Also, access is only a pretextual issue. The Barnes Merion is quite easily accessible where it is – all you need to do is make a reservation like at any good restaurant.

        Once the American people realize what has been done to American cultural integrity by shortsighted rich people with The Barnes Move, I believe that they will resoundingly demand that the art be restored to Merion.

        The vain joke of a monstrosity in center city Philly could be left unfinished as an artistic monument to American arrogance. After all,The Barnes On The Parkway is being built with a committment of $107,000,000.00 in taxpayer money obtained with the key assistance of ex-Sen. Vinny Fumo, the disgraced Philly Senator who is doing 55 months for public corruption.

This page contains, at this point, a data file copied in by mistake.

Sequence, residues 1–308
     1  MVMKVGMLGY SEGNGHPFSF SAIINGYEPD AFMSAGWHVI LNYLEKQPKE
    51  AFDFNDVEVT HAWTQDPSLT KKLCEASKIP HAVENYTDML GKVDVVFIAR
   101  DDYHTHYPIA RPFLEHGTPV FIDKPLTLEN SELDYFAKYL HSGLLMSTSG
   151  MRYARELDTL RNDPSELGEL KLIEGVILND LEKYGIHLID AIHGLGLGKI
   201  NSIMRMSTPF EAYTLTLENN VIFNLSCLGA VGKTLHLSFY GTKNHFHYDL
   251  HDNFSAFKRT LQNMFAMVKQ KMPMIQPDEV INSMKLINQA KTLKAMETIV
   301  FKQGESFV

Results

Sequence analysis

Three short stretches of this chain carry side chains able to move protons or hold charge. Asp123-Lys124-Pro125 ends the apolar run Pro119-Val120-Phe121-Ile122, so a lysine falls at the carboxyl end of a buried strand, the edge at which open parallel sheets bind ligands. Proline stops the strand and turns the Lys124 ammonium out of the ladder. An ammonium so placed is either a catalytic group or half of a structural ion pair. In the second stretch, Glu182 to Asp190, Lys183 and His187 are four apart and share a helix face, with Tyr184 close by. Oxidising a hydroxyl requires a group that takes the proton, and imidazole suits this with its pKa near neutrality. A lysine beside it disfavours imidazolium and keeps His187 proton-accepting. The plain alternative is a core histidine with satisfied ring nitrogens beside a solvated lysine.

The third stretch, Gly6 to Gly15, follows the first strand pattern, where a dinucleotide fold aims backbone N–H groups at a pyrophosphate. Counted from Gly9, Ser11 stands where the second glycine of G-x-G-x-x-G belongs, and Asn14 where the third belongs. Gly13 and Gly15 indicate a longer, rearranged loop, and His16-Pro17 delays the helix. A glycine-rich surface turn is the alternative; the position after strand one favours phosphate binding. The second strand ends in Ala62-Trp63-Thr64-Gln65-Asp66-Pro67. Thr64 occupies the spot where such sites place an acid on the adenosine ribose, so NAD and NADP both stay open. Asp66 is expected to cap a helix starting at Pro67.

The Barnes Move, brought to you by a jailed politician. Prison is for the living. The Barnes belongs in Merion.